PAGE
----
Weah is a popular star who connects effectively with the youths. In fact, he demonstrated his patriotism by helping to build Liberia's national football team, spending his own money on its welfare. The government lacked funds to support it. He came to politics without any political baggage, unlike Sirleaf, who many people argue has blemished hands from the politics of the gruesome past. In the campaign leading up to the elections, many people said they would vote for the millionaire star footballer.

"He no kill ma pa: he no kill ma ma, I will vote for him." The reason why many people agreed to vote for Weah was he had not killed their parents. His hands had no bloodstains on them. In retrospect, this song is the complete opposite of the rhetoric that brought Charles Taylor to power in the first postwar election. Taking an objective look at the two candidates, Sirleaf brings a wealth of experience and leadership skills to the executive mansion, unlike Weah who has little education and political muscle. Liberia has had leaders with little or no management skills; some later proved ruthless or reckless. Liberia was not willing to take dangerous bait. Today the legacy of Taylor still haunts an already battered nation.

As Liberia was engulfed in civil war, the symptoms of a failed state were very visible. The most rational and bloodless ploy to reverse its demise, was to expel Charles Taylor to Nigeria. It was not very easy to convince him to accept this deal. Rebels had already taken over most of Liberia including part of the capital Monrovia. Sirleaf has a lot of work to do to re-connect Liberia with the international community, and to get Taylor to stand trial in Sierra Leone for his role in supporting the reign of terror campaign, and for his crimes against humanity. She visited Freetown to mend the broken chords of love and friendship. The nucleus of the talks included arrangements to get Taylor to face charges before the U.N. Special Courts. U.S. Representative Ed. Royce has fervently demanded the handover of Taylor to the U.N. Nigerian President Olusegun Obasanjo, who provided asylum to Taylor, stated that he would only hand over Taylor to Liberia's democratically elected leader.

Secretary of State Condoleezza Rice will soon meet with Sirleaf to discuss matters of mutual interest to both countries. The issue of Charles Taylor will definitely form part of their discussion. His expulsion to Nigeria was a very bitter pill for Taylor to swallow. Despite the numerous problems plaguing Liberia, he was often meddling in the internal affairs of his neighbors: Guinea, Sierra Leone and Ivory Coast.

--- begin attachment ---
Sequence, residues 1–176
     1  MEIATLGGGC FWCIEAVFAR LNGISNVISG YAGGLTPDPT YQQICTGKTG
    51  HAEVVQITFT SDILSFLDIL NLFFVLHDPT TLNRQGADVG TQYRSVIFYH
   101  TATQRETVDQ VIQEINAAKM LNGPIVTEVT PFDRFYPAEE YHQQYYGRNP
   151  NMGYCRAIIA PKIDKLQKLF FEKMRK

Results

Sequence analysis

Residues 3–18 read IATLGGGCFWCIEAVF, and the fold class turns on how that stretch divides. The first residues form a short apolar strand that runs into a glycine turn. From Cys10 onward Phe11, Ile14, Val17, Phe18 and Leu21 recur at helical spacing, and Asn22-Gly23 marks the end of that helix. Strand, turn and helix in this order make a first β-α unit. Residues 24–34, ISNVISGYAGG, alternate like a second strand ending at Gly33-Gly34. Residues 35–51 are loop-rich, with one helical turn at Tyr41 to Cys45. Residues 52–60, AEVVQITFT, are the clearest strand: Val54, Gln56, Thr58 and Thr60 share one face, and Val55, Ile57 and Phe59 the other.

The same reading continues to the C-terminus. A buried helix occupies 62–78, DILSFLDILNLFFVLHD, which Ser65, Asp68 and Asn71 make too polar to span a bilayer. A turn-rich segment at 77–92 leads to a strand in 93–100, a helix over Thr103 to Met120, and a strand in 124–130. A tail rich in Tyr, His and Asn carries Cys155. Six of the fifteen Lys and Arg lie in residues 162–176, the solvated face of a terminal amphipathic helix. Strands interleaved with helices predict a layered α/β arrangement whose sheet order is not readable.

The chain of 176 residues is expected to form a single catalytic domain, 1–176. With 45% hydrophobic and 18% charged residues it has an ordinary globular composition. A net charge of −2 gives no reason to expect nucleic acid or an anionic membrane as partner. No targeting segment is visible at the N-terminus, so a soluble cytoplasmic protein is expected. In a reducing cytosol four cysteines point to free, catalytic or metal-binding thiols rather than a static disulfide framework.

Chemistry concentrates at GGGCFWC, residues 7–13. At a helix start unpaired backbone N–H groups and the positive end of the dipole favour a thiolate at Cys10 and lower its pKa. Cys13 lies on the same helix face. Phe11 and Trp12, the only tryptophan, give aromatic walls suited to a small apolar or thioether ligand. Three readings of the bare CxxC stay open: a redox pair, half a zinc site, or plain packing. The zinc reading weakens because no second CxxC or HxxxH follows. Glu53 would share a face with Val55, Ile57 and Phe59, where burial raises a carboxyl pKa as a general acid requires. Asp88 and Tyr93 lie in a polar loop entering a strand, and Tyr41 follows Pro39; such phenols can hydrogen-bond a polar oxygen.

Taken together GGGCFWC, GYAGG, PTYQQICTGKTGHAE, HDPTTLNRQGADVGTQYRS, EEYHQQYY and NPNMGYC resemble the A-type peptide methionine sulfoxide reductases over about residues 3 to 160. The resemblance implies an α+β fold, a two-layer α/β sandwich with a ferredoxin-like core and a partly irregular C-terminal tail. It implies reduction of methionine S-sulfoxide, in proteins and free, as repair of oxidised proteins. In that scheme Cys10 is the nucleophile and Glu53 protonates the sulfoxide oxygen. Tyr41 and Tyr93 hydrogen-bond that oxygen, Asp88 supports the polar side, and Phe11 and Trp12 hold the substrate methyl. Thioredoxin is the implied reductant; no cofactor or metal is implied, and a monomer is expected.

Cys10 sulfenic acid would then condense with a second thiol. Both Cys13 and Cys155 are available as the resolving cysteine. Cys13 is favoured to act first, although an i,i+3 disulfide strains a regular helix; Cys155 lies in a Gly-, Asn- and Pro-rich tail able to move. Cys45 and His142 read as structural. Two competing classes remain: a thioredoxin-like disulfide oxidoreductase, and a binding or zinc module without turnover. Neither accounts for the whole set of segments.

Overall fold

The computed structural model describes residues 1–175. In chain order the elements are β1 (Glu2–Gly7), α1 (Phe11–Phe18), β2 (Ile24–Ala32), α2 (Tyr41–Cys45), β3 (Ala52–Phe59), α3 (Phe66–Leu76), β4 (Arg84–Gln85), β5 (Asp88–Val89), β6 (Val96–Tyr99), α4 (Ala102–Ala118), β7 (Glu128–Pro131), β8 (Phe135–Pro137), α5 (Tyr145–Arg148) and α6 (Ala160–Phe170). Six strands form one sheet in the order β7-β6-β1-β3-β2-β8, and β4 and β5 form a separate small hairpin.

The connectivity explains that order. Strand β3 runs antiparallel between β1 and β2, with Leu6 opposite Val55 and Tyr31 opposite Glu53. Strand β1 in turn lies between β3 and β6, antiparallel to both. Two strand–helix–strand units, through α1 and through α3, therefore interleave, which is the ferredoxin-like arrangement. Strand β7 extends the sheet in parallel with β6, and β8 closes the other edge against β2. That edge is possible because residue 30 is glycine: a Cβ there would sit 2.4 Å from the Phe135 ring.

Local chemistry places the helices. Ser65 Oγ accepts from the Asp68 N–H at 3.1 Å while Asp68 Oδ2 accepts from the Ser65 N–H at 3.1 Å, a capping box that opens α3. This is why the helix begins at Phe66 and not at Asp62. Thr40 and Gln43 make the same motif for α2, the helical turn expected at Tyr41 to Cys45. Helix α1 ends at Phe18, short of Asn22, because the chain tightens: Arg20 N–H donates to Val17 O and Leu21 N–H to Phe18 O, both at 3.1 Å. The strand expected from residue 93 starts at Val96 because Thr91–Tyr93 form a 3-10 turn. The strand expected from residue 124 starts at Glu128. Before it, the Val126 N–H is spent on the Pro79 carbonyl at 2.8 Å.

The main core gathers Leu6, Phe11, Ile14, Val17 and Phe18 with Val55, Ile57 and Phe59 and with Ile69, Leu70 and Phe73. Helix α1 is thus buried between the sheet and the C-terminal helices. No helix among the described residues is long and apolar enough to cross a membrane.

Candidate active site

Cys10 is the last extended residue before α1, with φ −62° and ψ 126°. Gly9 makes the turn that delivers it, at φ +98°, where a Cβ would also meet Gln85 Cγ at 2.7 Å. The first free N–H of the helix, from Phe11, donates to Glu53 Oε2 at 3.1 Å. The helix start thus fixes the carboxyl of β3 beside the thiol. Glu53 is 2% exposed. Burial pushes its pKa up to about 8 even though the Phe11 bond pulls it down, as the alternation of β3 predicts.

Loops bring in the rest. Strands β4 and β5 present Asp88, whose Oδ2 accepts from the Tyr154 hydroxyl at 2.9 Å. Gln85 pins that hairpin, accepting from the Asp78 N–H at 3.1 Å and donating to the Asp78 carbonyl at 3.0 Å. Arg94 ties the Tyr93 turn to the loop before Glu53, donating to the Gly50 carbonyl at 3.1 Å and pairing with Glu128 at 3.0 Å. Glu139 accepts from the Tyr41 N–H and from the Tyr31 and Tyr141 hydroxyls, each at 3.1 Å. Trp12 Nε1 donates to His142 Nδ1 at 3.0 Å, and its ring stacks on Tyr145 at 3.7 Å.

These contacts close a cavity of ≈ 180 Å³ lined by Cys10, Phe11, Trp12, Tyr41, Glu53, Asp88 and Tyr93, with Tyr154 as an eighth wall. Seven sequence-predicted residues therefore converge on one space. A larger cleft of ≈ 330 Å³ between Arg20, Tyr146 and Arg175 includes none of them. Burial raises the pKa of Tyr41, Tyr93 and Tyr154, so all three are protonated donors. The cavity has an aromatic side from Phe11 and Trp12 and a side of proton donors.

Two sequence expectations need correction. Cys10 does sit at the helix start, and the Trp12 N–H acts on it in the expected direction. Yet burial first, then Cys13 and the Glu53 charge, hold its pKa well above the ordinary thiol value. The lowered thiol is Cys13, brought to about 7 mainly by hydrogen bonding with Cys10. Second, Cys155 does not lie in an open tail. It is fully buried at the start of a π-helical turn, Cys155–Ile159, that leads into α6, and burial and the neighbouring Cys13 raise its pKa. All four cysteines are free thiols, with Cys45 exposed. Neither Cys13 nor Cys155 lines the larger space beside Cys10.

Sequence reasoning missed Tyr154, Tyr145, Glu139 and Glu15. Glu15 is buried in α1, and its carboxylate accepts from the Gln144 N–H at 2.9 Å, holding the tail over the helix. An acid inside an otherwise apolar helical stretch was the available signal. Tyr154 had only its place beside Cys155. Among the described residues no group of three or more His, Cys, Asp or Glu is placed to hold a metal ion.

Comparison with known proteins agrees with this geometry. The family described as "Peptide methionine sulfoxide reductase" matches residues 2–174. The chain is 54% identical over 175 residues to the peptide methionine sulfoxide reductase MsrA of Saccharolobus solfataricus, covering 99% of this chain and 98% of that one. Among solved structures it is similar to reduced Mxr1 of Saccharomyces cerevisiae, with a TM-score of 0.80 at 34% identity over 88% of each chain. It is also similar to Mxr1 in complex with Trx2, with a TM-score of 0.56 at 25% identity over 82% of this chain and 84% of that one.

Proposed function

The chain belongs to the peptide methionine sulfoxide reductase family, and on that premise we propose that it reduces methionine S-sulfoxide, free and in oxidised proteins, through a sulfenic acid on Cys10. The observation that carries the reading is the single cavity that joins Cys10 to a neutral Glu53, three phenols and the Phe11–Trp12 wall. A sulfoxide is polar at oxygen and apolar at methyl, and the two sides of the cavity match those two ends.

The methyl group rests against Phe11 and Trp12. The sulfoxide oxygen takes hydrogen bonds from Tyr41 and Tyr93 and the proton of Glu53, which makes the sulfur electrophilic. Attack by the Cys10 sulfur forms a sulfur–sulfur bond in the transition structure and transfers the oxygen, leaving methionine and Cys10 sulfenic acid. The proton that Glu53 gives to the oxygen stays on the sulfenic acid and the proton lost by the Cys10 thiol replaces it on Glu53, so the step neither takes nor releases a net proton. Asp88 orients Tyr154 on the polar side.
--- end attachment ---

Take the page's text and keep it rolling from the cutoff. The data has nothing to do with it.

On the Web

Sirleaf's Inaugural Address, AllAfrica Global Media (Content service provider), Mauritius, Jan. 17, 2006.

A pre-condition for ailing Liberia to receive developmental assistance is to surrender Charles Taylor to the Special Courts in Sierra Leone. The European Union has clearly stipulated their terms for aid assistance. Definitely, Liberia needs urgent and tremendous assistance. It is most likely Sirleaf will eventually comply. But she has to be very cautious to ensure that this move does not snowball into unrest in Liberia. Taylor still has grass-root support at home that could help to generate a political nightmare for Sirleaf.

Africa and the rest of the world are cautiously optimistic that Sirleaf's feminine charm and long experience will bring a renaissance of peace and dignity to Liberia. To help this fractured nation regain its past glory as Africa's "Little America." But Liberians are disappointed about the composition of the personalities named for positions in the transition government. There is genuine fear of a return of the old order: and a restitution of "failed politicians or disappointees." Ellen now faces her initial challenge at home. A return to cronyism and a new breed of recycled politicians would be a terrible mistake that could paralyze the fragile peace now held by a thin strand of thread.

Liberia languished because it lacked good leadership. Anxiously, the world has waited for the ushering in of a balanced leader with the charisma and tenacity to set Liberia on a new path: Ellen Johnson Sirleaf was inaugurated on Monday outside the capitol building. Among those in attendance were Nigerian President Olusegun Obasanjo, Laura Bush and Secretary of State Condoleezza Rice, and George Weah.

Roland Bankole Marke is the author of "Teardrops Keep Falling," "Silver Rain and Blizzard," and "Harvest of Hate." His work has appeared in several publications, including online journals.

View the Worldpress Desk’s profile for Roland Bankole Marke.